As part of the offensive against Ramaphosa, there is a “national strategy” to defend Magashule, who is facing fraud and corruption charges, and is under pressure to step aside from the party, pending a criminal trial.

Plans are now under way to deploy so-called radical economic transformation forces on the ground to mobilise support for Magashule among not only ANC members, but also the general public. An ambitious part of the plan is to tout Magashule as a future candidate for the ANC presidency and to do so openly and defiantly, since the campaign season has yet to be sanctioned by the NEC.

"Ace must contest because he has nothing to lose. He's been treated unjustly, with state institutions being used against him. He must fight with everything he has, otherwise he'll end up like John Block," said a close ally, referring to the former Northern Cape ANC chairperson who was jailed for corruption in 2018.

The strategy to undermine Ramaphosa included a drive to always have Magashule visible at public occasions such as funerals and commemorations. The fight would also be taken to Ramaphosa's doorstep through a planned million-person march of the unemployed to the Union Buildings in Pretoria. The ANC's women, youth, students and school pupils would be mobilised.


The anti-Ramaphosa group acknowledged that, while the president had better financial muscle, they were confident that they had better representation on the ground. The growth of ANC membership from 989 000 to 1.4 million under Magashule was expected to be used as a mobilising factor. "He won by a margin of 175 votes in Nasrec. He has no presence even on Facebook and Twitter – where Tito Mboweni is fighting alone. Many of Ramaphosa's lobbyists are wearing high heels and are not on the ground," said a source.

Another part of the strategy was to closely observe the way the Hawks and National Prosecuting Authority (NPA) were treating criminal cases of people aligned to Ramaphosa.
"Where evidence of political interference is obtained, charges would be lodged against the most senior Hawks and National Prosecuting Authority officials for manipulating the justice system," said the source.

"We're saying there's interference in the work of the criminal justice system by the current regime. All those serving as Ramaphosa's proxies must know that they have only one year left in office."


Zuma's lobbyists are also working around the clock to secure an ANC election victory for his backers in North West and Mpumalanga, where provincial conferences to elect new leadership have long been pending, but were postponed on several occasions due to lockdown.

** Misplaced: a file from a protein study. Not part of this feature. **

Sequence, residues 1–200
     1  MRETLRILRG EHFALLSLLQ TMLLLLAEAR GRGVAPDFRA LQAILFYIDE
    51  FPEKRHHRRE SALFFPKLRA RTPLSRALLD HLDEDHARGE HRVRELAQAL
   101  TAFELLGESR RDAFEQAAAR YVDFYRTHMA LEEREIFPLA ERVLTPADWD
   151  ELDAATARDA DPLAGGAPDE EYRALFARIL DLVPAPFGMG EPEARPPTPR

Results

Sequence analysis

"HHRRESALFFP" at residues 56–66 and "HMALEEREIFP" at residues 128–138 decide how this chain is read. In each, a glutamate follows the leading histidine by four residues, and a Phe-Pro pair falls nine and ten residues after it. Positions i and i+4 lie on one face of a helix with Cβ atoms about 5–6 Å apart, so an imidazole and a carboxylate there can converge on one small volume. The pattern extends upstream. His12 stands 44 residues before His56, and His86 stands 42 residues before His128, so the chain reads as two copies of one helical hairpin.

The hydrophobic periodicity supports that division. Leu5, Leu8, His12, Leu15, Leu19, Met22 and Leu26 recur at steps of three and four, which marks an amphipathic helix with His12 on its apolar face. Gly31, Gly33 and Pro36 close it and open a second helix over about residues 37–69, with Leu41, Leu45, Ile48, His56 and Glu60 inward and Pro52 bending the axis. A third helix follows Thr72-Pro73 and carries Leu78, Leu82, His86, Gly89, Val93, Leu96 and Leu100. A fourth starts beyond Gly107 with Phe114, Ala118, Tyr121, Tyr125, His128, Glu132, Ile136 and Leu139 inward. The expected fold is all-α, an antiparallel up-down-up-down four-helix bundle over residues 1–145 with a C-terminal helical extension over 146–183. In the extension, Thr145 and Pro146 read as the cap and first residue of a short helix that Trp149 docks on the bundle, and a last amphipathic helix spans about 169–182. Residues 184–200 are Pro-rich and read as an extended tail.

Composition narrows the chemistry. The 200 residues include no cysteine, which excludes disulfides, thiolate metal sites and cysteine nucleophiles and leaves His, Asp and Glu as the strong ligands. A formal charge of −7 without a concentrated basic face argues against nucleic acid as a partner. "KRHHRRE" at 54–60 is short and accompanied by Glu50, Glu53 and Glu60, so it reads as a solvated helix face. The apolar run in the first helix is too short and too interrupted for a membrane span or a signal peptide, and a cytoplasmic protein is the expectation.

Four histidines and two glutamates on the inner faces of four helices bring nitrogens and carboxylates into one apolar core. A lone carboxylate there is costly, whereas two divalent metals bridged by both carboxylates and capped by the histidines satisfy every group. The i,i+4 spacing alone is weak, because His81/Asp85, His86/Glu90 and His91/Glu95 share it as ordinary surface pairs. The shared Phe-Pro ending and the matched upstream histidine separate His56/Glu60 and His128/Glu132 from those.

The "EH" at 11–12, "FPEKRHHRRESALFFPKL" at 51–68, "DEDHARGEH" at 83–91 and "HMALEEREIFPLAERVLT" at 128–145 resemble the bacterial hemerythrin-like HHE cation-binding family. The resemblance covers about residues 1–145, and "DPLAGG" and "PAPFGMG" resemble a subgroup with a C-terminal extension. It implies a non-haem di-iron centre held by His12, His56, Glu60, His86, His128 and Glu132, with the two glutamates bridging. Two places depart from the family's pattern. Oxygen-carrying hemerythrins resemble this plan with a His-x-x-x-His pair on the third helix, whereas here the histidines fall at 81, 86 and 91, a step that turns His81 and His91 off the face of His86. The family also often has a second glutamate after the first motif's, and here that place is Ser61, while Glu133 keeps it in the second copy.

Supra Mahumapelo remains the key man for Zuma in North West.

"If he wins the North West, then we can look at pushing him for a position at national level in the next national conference, but for now he's the only one we have in that province," said the source.

In Mpumalanga, described by a Zuma lobbyist as 'solid', acting ANC chairperson Mandla Ndlovu has been mentioned as a favourite candidate for the Zuma group.

In KwaZulu-Natal, popular corruption accused former eThekwini mayor Zandile Gumede is expected to champion Zuma's interests.

"And the ANC in KwaZulu-Natal is focused on pushing for unity among its ranks to ensure that, at the next national conference, they don't lose out again on a top six position, as happened at Nasrec due to divisions," said the source.

However, the strongly pro-Ramaphosa Eastern Cape has been difficult to penetrate since Zuma's key lobbyist there, Andile Lungisa, faces criminal charges and jail.


Last month, Limpopo ANC member Ernest Netshivhumbe filed a corruption complaint with the police against Ramaphosa and mining giant Glencore. This came after Molefe's statement that the then deputy president aided the company in which he had previously had an interest.

"Mr Molefe testified that Mr Ramaphosa, while the de facto chairperson of Eskom, unduly used his political influence to his personal benefit and, by extension, to the financial benefit of Glencore by pressurising Eskom officials to write off a R1 billion debt owed to Eskom, resulting in Eskom incurring a financial loss of R1 billion and Glencore's unjustified enrichment," he wrote.

Netshivhumbe said this week that "the police in Makhado refused to open the case against a fellow Venda president", but he had eventually got assistance from the provincial Serious Organised Crime Investigation office of the Hawks.

He said he had since learnt that the Hawks had escalated the complaint to the investigative arm of the NPA. He had then heard from a 'general'- whom he refused to name – that the case would not be entertained, said Netshivhumbe.

"This is a war for accountability and what you do on the left you must also do on the right, so Cyril must also be held accountable," he said.

– Citypress